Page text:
The question raised by the appeal in this case was whether a defendant in a breach of contract case could be held liable for damages that the defendant was not aware would be incurred from a breach of the contract. The Court of Exchequer, led by Baron Sir Edward Hall Alderson, declined to allow Hadley to recover lost profits. Holding that Baxendale could only be held liable for losses that were generally foreseeable. The mere fact that a party is sending something to be repaired does not indicate that the party would lose profits if it is not delivered on time. The court suggested various other circumstances under which Hadley could have entered into this contract that would not have presented such dire circumstances. It was noted that where special circumstances exist, provisions can be made in the contract voluntarily entered into by the parties to impose extra damages for a breach. Alderson B said the following:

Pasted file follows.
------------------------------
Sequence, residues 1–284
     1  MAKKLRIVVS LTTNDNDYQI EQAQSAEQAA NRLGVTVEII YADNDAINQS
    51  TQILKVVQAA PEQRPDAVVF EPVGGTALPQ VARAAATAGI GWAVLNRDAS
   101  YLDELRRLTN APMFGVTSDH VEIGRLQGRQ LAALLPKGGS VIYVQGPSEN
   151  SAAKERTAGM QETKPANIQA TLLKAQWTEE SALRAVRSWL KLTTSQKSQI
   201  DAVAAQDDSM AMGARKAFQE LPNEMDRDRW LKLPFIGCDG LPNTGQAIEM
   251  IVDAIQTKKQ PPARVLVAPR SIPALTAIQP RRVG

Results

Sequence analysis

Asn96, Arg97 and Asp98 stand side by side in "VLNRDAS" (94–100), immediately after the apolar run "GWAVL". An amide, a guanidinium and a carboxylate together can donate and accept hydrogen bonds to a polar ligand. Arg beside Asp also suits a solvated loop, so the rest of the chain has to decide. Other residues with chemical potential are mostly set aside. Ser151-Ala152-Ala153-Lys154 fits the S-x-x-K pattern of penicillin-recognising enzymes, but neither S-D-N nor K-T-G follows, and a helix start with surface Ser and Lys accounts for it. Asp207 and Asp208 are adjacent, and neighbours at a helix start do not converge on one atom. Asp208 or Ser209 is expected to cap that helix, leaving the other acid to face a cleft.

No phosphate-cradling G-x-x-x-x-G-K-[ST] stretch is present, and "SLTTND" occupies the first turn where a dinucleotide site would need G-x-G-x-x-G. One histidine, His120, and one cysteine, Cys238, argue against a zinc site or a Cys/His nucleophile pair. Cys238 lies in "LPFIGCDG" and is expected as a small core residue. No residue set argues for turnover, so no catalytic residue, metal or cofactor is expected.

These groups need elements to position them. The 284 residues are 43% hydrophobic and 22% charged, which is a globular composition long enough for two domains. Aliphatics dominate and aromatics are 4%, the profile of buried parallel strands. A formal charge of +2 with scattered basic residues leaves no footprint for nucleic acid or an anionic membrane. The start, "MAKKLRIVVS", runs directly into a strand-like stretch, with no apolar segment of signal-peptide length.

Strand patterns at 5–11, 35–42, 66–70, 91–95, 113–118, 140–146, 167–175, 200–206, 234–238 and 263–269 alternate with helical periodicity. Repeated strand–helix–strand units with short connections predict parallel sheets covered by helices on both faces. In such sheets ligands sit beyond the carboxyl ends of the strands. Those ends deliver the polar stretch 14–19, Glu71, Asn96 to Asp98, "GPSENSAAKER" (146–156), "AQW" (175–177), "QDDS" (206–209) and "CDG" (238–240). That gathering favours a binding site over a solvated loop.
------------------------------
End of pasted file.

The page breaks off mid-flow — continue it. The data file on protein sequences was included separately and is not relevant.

“Now we think the proper rule in such a case as the present is this: Where two parties have made a contract which one of them has broken, the damages which the other party ought to receive in respect of such breach of contract should be such as may fairly and reasonably be considered either arising naturally, i.e., according to the usual course of things, from such breach of contract itself, or such as may reasonably be supposed to have been in the contemplation of both parties, at the time they made the contract, as the probable result of the breach of it. Now, if the special circumstances under which the contract was actually made were communicated by the plaintiffs to the defendants, and thus known to both parties, the damages resulting from the breach of such a contract, which they would reasonably contemplate, would be the amount of injury which would ordinarily follow from a breach of contract under these special circumstances so known and communicated. But, on the other hand, if these special circumstances were wholly unknown to the party breaking the contract, he, at the most, could only be supposed to have had in his contemplation the amount of injury which would arise generally, and in the great multitude of cases not affected by any special circumstances, from such a breach of contract. For, had the special circumstances been known, the parties might have specially provided for the breach of contract by special terms as to the damages in that case, and of this advantage it would be very unjust to deprive them. Now the above principles are those by which we think the jury ought to be guided in estimating the damages arising out of any breach of contract…”